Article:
Mortgage Trends This Week: Oct. 18

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Mortgage rates slid further last week, as the lack of any economic “motivators” continue to make mortgage loans cheaper.

The dominant theme in the mortgage market this week is the fallout from the “robo-signing” scandal, where banks and lenders are battling toxic mortgage loan foreclosure procedures that have locked down the U.S. foreclosure market.

To mortgage lenders, that’s actually a best-case scenario. The downside is actually a lot scarier. Rochdale Securities Dick Bove ruffled up the mortgage market last Friday when he said that banks could face $80 billion in losses over the robo-signing issue.

Bove says that the losses won’t stem from any stalled foreclosures, but from the high number of lawsuits that should follow from both homeowners and mortgage-backed securities investors. He could be on to something. Throw the loaded term ‘fraud” into a public courtroom setting and not only will the fur fly legally, but nervous investors will begin to sell off bank stocks in advance of any big settlement payouts.

"Huge amounts of monies have been lost and there are very angry participants at every level of the system seeking to recover the funds that they have lost," Bove said in an analyst commentary.

Big bank stock investors are already rushing for the exits. The KBW Bank Index was down 3.3% last week, while big banks stocks like Bank of America (Stock Quote; BAC) and JP Morgan Chase (Stock Quote: JPM) saw their shares fall over nervousness from the foreclosure scandal.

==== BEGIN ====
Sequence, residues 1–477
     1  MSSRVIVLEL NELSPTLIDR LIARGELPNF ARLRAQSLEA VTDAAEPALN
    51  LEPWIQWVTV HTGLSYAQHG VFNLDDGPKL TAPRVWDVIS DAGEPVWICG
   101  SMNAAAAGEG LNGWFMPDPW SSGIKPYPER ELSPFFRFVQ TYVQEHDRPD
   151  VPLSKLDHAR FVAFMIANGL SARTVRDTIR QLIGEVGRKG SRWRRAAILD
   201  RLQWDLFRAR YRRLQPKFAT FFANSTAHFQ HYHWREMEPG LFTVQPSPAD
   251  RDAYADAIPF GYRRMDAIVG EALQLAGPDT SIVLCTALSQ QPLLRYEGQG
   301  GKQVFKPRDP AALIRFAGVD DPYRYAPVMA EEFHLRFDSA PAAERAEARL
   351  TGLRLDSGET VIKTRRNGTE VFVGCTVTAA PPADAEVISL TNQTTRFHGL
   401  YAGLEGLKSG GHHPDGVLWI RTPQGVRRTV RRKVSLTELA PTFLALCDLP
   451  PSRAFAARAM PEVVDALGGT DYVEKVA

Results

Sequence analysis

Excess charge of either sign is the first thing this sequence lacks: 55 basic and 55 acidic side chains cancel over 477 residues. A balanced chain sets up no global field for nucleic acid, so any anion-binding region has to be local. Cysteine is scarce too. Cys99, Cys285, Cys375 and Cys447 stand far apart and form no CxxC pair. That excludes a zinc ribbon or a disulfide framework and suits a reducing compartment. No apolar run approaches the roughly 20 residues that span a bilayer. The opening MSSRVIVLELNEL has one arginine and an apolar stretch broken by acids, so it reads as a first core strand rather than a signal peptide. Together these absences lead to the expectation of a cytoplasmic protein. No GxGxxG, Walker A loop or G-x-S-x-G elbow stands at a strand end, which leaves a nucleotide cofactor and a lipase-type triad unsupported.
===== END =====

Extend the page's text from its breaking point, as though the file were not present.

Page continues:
The fear is that banks and lenders might have to repurchase billions in toxic home loans owned by investors holding mortgage-backed securities. The investment firm Branch Hill Capital estimates that Bank of America alone may have to buy back about $74 billion in faulty mortgages.

But that’s not all. The mortgage market, Bove adds, could suffer with an extended foreclosure moratorium. His thinking is this: U.S. home values will decline if hundreds of thousands of foreclosed homes hit the market at the same time after the moratorium is lifted. That puts more houses on the market, thus devaluing the prices of homes across the board, he adds.

"The combination of the moratorium and the lawsuits are likely to cause the major mortgage originators to withdraw from the markets while they deal with their problems. There is no one to replace them," Bove wrote. "This could cause the rates on mortgages to rise, further depress home mortgage prices, and increase foreclosures."

So if you’re looking to refinance, or buy a new home, the future really is now. If Bove is correct, rates may rise and you won’t get the same deal six months from nowthat you can get today.

Keep that thought in mind as we review last week’s mortgage rates, as measured by the BankingMyWay Weekly Mortgage Rate tracker. Here’s a look:

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Description                             This Week                   Last Week

One-Year ARM                       3.824%                        3.946%
Three-Year ARM                     3.927%                        3.759%
Five-Year ARM                       3.292%                        3.379%
15-Year Mortgage                    3.774%                        3.847%
30-Year Mortgage                    4.366%                        4.381%
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The takeaway this week? Now, more than ever, make sure to check out BankingMyWay’s Mortgage Rate Search for the best home loan rates. Week to week, it’s your best bet for finding the best mortgage rate deal possible.

—For the best rates on loans, bank accounts and credit cards, enter your ZIP code at BankingMyWay.com.

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